• David Cope says:

        Mr. Davids – Thanks for the quick reply. I would like very much to attend, and especially bring my mother, who still lives in Sheffield, and only has come to one reunion. Keep us posted.

  9. Trisha says:

    Paulding Hospital has a wall of photos from that crash. Working there with the elderly, I heard first-hand stories of that horrible crash from people who worked the hospital, lived in the area, or had family involved in the wreck. Paulding Hospital does not have a morgue, but the basement was used as one for the cleanup of the crash.

  10. Darlene Pruett says:

    I worked in the reservations department at Southern Airways back then and was on duty when we got the word of the crash. Almost immediately, calls started coming into the office. Although some were curiosity seekers, many of the calls were from family members of passengers inquiring about their loved ones. It was a haunting experience that I will never forget.

  11. Ric says:

    I was meeting with my Dad who was a Stone Mountain, Georgia, police officer that afternoon. He was sitting in his patrol car door to door with me in my personal car. Suddenly, he stopped talking and began listening to the police radio intently as the DeKalb Police dispatcher began to tell of an major aircraft crash in Paulding County, many miles away. We listened to the police radio as the DeKalb supervisors asked her (the dispatcher) to check with Chief Hand and see if there was a need for DeKalb officers to go to the scene. Moments later, Car 1, Chief Hand, instructed them to have as many cars to be enroute as they could and assist however they were needed.

    Later, I went to my girlfriends home for dinner and together we watched the news as the graphic scene unfolded in Paulding County. I will never forget the day and hearing this as it happened.

    • Barry Woodward says:

      Ric, we went with the DeKalb Police Command Post sometime around 0300 hours to support all of the people we sent to assist, and to assist GSP Command Post who was overwhelmed. In some of the pictures, we are parked to the right of the GSP Post and the tail section. It’s something you never forget.

      • Ric says:

        Barry, DCPD never failed to support and help other departments and the public when a major event like this occurred. They are to be commended and yes, you never forget!

  12. Philip says:

    I live about two miles from the crash site. I wasn’t born until the year after, but I can recall many of the stories told by my dad and grandfather in the years that followed. My dad, who is now a physician, was a pharmacist at the time and was involved with caring for the survivors. He was interviewed in 1997 as part of this NY Times piece:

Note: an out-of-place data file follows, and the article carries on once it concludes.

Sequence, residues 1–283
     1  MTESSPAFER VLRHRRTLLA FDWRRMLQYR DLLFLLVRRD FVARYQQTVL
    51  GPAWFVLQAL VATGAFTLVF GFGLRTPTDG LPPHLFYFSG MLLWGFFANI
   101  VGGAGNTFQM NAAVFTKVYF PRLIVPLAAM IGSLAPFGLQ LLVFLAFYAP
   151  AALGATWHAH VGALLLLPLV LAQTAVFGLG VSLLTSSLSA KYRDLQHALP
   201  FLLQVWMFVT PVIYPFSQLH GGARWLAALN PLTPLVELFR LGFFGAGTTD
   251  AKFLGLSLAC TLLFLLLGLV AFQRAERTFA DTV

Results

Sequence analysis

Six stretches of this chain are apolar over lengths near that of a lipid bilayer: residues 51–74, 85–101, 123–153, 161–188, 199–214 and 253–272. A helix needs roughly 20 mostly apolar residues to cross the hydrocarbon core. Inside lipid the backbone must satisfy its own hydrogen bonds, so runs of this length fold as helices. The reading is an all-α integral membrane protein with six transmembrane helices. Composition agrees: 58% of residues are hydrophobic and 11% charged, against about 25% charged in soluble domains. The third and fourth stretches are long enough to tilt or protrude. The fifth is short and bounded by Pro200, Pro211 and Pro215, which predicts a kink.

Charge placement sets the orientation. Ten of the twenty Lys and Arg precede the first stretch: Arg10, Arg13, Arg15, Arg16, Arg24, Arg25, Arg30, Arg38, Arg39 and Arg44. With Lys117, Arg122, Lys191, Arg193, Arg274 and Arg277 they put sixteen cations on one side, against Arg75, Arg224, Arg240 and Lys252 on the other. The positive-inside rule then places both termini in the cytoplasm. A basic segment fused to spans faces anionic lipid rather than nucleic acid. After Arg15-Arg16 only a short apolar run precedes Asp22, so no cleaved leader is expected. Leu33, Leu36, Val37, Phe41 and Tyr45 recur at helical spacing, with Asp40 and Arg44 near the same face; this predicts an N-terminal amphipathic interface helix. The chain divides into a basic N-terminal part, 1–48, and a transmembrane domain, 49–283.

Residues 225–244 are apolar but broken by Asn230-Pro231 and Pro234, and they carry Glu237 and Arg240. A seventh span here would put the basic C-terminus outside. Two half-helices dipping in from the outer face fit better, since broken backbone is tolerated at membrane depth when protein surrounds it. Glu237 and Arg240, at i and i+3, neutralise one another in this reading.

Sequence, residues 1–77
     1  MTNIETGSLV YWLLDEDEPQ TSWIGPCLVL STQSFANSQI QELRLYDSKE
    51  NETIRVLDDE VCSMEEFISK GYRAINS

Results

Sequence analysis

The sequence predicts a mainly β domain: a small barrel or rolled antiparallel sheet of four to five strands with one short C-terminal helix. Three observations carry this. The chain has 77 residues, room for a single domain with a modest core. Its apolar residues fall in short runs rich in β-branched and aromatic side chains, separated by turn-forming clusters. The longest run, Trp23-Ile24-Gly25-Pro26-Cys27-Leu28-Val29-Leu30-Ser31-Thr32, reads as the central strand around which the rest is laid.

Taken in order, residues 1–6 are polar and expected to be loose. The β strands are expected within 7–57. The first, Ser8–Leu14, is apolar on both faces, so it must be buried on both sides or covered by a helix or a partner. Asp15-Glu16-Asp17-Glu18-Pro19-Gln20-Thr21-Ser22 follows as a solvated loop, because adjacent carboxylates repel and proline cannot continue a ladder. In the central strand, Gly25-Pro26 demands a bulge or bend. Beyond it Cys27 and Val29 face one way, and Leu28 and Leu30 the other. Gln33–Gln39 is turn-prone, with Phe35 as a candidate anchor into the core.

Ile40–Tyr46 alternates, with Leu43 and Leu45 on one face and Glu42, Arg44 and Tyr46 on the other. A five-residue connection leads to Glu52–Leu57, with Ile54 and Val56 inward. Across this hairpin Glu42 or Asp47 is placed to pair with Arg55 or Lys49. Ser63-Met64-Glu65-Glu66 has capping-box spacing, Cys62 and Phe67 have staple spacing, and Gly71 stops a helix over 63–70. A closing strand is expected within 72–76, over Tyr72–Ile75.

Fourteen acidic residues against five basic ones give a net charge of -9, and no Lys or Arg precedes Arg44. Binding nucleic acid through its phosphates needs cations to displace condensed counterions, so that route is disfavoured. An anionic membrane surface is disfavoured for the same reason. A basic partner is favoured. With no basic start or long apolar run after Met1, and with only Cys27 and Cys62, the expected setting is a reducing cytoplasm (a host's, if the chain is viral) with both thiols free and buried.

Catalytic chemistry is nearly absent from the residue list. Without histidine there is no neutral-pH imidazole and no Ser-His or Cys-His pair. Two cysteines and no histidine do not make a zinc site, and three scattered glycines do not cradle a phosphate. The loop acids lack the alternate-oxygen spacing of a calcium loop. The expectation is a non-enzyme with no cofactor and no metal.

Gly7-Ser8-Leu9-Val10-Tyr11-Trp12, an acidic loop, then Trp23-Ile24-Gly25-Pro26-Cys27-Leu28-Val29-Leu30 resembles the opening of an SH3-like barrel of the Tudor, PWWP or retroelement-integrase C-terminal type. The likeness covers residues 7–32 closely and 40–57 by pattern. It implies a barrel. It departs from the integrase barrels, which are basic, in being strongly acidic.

http://www.nytimes.com/1997/04/14/us/memories-and-healing-2-decades-after-crash.html?pagewanted=all&src=pm

  13. Valerie says:

    “The young, pony-tailed pharmacist…”
    I remember that guy well.

  14. Phyllis Inzina Reid says:

    Philip-thank you for the link to the article. My father died in that crash when I was only 16 years old.

    Cliff-thank you for your writing and for sharing the pics.

  15. SDF880 says:

    I remember this well, sad. The captain’s son went on to fly for the airline I work for.

    • moms2kool says:

      SDF880, I lost my father in this crash. My husband is a captain with the same airline as you. Would I know you? The son of the captain on Southern 242 is retired now. I have met his mother at one of the memorials. My husband’s flies out of SDF. What plane do you fly?

      • SDF880 says:

        I work in Flight Operations/Dispatch SDF. I know some of our crews and what a great group of folks to work with daily! I had heard captain M retired awhile back. I don’t recall ever talking to him but saw his name on my flight releases. I’m sorry for the loss of your father in SOU242! I study all accidents from every angle and maybe come away with some info to help keep the repeat of accidents such as SOU242 from happening. Back then weather products were not anything like today and rapid communication to the crews really didn’t exist either like it does now. I would like to think SOU 242 and other accidents have helped lead to what we have in place now.

  16. Robert Jaques says:

    My friend Don Foster of from North Alabama was one of the last survivors of this crash. He was one of the lucky ones. My prayers go out to those who did not make it and their families.

  17. Bill says:

    Many times I walked over through those trees to the Burkhalter home as shown in photo 7. The little white house with the low roof belonged to the Poole family. Great article.

  18. Tom Caldwell says:

    My mother was born in New Hope in 1918, and my great-grandfather fought for the CSA during the Battle of New Hope Church and is buried in New Hope cemetery. I passed through the area not much over a month after the crash and the place was clean as a pin. Southern Airways wasted no time at all getting the crash site cleaned up.

Leave a Reply

Fill in your details below or click an icon to log in:

WordPress.com Logo

You are commenting using your WordPress.com account. Log Out / Change )

Twitter picture

You are commenting using your Twitter account. Log Out / Change )

Facebook photo

You are commenting using your Facebook account. Log Out / Change )

Google+ photo

You are commenting using your Google+ account. Log Out / Change )

Connecting to %s